Every weekday on Marketplace, Kai Ryssdal hosts a lively and unexpected exploration of the day’s business and economic news from Wall Street to your wallet.

Recent Episodes

Marketplace for Tuesday, September 6, 2016

Congress is "back to school" today, and already facing a big deadline. On the other hand, ITT Technical Institutes, abruptly cancelled classes for good, and now students are scrambling. Plus: Goldman Sachs is swearing off political donations, but that might be the best way to get what they want anyway. Finally: where does infrastructure spending get you the biggest bang for your buck?

Marketplace for Monday, September 5, 2016

We talked to a doctor that treated Mother Teresa and asked what it was like to tend to someone always tending to others; Marketplace's Amy Scott talks about the top issues to keep an eye on this school year; and why Obama's trip to Laos matters. 

Marketplace for Friday, September 2, 2016

The last five days of economic news in five minutes for the Weekly Wrap; Samsung has recalled 2.5 million of its new smartphones because some of their batteries have caught fire while charging. Marketplace's Mitchell Hartman takes a look at why batteries keeps causing technology recalls; Kai talks to Meathead Goldwyn, owner of about equipment, changes in the industry, and why you should grill fish with mayonnaise.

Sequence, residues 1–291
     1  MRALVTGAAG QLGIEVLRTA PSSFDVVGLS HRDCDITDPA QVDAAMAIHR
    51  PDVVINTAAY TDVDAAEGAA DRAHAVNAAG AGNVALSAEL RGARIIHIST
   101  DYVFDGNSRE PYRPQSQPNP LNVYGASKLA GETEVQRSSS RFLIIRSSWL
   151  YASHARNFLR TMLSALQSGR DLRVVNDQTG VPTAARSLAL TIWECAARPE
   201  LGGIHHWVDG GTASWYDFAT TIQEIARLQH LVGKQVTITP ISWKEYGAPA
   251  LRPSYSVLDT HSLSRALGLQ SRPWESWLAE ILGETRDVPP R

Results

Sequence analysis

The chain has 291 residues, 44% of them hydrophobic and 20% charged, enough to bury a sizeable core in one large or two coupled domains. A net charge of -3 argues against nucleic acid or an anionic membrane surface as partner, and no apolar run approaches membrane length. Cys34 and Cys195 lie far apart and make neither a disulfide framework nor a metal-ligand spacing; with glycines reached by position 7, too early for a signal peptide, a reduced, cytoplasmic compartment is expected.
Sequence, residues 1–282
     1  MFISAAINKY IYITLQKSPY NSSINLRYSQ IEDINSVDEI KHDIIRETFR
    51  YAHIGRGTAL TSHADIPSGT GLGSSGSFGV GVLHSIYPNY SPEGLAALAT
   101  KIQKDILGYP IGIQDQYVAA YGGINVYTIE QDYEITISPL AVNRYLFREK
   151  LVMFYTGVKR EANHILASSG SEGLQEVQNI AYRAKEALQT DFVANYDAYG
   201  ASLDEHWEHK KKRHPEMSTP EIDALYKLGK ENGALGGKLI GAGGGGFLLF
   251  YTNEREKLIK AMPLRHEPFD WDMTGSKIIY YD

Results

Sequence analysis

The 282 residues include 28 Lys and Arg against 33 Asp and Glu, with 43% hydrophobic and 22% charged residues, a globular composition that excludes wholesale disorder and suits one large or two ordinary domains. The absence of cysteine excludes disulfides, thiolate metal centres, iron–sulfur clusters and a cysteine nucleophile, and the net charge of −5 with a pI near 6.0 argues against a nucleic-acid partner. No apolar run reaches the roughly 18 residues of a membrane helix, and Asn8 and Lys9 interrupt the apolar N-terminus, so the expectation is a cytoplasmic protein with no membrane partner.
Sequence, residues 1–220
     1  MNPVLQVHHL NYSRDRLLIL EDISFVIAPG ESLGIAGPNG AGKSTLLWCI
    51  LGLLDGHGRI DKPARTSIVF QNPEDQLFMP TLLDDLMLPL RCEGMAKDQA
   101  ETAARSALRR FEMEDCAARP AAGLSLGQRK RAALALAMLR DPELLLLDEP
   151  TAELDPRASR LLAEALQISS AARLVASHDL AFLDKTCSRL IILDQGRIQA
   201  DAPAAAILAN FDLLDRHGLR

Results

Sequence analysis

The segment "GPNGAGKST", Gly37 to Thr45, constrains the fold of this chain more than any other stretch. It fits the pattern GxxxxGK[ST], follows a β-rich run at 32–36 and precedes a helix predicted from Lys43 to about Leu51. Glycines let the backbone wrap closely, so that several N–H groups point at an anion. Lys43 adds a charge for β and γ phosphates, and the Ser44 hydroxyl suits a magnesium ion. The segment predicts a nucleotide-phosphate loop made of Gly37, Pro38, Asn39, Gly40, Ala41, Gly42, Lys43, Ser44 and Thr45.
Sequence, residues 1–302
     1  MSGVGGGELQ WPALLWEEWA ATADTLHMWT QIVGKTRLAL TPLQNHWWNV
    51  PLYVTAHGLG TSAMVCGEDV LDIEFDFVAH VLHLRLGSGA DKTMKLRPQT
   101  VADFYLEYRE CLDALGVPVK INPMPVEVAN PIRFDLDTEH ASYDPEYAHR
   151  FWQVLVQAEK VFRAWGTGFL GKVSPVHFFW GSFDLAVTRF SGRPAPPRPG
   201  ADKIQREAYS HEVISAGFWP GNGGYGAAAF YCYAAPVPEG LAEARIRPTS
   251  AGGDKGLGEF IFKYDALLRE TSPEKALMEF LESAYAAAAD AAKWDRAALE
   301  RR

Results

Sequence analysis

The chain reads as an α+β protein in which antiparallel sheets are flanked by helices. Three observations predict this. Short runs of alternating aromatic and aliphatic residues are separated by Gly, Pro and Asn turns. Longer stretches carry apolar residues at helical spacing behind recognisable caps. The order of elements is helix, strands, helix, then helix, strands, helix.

Marketplace for Thursday, September 1, 2016

Apple's tax bill, SpaceX's explosive setback and a whole lot of "Minions" merch. Plus: A day after Trump's big immigration speech, a look at the immigration policies the next president will inherit.

Marketplace for Wednesday, August 31, 2016

Mr. Trump goes to Mexico, the sinking shipping industry and sinking oil prices. Plus: only one of Dallas' top-100 CEOs is a woman, and everything you need to know about Trump's national finance chairman Steven Mnuchin. 

Marketplace for Tuesday, August 30, 2016

Apple's $14.5 billion tax bill, when "publish or perish" runs afoul of the law and a conversation with Delta's new CEO. Plus: the third and final entry in our series about Florida's prison problem. When the state is short corrections officers, and can't retain the ones they have, what happens to inmates?